The SHA-1 hashing algorithm for the Microsoft Root Certificate Program is being decommissioned
This post contains information related to SharePoint Server technologies and associated certificates using the SHA-1 hashing algorithm.
On November 12, 2013, Microsoft Security Advisory 2880823 announced a policy change regarding the Microsoft Root Certificate Program: root certificate authorities will no longer be allowed to issue X.509 certificates using the SHA-1 hashing algorithm for SSL and code-signing purposes after January 1, 2016. As mentioned in the announcement, using the SHA-1 hashing algorithm in digital certificates could allow an attacker to spoof content, perform phishing attacks, or perform man-in-the-middle attacks.
In conjunction with Microsoft’s announcement about SHA-1, Google published recently that Chrome browser builds would gradually sunset SHA-1 certificate support beginning in September 2014. Go to Gradually Sunsetting SHA-1 for more details.
For customers administering SharePoint Server on-premise environments such as SharePoint 2013 or 2010, users visiting SharePoint sites through the Google Chrome browser will be affected by Google’s notice concerning Chrome browser changes when visiting sites using SHA-1 certificates, including SharePoint sites. Those Chrome users will find that Chrome categorizes SHA-1 sites as “secure, but with minor errors”, “neutral, lacking security”, “active mixed content”, and “affirmatively insecure”.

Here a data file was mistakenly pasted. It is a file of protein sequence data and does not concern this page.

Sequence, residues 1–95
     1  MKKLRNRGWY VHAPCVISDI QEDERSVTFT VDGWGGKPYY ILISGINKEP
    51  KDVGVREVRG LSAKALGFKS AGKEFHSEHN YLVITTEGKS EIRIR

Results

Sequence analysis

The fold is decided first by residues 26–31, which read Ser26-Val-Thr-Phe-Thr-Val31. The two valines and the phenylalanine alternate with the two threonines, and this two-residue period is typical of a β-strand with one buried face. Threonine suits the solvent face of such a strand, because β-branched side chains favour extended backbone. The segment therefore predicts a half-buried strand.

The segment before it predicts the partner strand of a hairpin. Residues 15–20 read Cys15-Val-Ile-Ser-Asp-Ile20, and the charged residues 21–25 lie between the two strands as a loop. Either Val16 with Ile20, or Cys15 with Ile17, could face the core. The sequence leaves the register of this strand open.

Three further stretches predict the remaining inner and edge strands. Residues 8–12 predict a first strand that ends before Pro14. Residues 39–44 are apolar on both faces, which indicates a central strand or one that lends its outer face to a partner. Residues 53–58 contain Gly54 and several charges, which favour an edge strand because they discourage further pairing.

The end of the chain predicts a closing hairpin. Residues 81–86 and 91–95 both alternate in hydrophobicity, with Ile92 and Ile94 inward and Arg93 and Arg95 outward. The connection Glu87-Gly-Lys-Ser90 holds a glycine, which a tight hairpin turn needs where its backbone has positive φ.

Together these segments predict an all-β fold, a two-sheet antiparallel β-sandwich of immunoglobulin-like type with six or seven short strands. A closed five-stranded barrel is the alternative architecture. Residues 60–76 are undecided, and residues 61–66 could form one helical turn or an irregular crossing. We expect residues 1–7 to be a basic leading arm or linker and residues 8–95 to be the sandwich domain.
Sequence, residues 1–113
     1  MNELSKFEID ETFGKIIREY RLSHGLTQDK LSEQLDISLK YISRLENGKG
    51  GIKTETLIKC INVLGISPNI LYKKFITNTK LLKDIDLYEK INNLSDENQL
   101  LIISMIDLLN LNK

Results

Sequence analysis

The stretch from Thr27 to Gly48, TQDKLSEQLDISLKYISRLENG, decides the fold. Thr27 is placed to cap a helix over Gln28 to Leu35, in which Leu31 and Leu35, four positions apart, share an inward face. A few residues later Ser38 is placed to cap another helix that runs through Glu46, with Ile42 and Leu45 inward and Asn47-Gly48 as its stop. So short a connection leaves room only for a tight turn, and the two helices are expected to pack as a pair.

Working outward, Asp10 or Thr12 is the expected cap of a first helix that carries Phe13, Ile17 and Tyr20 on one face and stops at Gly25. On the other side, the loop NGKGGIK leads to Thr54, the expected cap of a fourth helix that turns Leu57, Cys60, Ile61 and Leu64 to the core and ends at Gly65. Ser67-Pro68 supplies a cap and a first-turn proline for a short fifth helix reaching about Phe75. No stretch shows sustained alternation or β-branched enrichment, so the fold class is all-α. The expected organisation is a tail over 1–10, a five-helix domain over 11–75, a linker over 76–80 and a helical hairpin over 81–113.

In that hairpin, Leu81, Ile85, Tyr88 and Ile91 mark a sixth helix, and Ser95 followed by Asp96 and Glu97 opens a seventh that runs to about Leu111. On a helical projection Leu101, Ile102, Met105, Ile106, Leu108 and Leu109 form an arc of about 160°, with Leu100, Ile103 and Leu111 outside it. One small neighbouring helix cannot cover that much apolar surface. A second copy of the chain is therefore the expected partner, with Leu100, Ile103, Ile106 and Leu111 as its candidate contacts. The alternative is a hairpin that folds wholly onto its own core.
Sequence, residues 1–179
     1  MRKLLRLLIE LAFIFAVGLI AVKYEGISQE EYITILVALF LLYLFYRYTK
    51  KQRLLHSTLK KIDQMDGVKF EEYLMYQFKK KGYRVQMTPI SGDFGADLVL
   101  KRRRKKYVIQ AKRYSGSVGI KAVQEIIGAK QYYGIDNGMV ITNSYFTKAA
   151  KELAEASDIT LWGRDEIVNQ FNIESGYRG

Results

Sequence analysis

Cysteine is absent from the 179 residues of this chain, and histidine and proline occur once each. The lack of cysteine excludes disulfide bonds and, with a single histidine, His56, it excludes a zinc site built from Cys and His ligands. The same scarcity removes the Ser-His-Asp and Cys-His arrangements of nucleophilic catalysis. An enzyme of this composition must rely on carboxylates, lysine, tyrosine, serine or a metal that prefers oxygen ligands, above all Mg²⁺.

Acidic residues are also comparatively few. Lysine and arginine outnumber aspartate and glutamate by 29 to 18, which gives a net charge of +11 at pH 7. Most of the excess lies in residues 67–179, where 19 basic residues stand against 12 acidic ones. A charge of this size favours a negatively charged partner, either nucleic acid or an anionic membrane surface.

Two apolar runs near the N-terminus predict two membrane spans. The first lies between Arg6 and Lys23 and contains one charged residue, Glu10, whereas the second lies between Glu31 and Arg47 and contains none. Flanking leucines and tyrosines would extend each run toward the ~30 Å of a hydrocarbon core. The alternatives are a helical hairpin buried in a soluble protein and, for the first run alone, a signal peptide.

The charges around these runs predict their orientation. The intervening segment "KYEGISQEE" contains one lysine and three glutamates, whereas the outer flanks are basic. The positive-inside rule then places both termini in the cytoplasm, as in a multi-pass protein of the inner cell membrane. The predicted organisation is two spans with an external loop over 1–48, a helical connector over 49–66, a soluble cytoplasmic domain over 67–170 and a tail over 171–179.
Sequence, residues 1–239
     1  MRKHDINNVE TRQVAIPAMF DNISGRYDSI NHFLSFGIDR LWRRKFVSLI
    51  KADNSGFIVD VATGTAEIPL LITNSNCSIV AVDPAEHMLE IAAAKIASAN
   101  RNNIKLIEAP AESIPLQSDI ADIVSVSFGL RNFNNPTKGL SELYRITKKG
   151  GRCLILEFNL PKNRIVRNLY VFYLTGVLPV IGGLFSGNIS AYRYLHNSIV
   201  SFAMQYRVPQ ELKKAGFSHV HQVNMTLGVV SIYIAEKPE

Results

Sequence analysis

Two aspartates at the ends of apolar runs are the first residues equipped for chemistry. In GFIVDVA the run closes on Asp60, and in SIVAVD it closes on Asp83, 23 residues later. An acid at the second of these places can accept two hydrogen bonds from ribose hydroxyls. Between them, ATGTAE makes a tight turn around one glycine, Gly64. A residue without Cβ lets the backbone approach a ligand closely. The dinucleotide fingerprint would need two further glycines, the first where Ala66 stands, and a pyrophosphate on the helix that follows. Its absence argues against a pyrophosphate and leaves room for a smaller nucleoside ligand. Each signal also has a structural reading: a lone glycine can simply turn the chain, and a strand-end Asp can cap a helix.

To avoid issues associated with SHA-1 certificate deprecation, Microsoft recommends that certificate authorities no longer sign newly generated certificates using the SHA-1 hashing algorithm and begin migrating to SHA-2. Microsoft also recommends that customers replace their SHA-1 certificates with SHA-2 certificates at the earliest opportunity.
For more information about SHA-1 deprecation, visit the following Microsoft websites: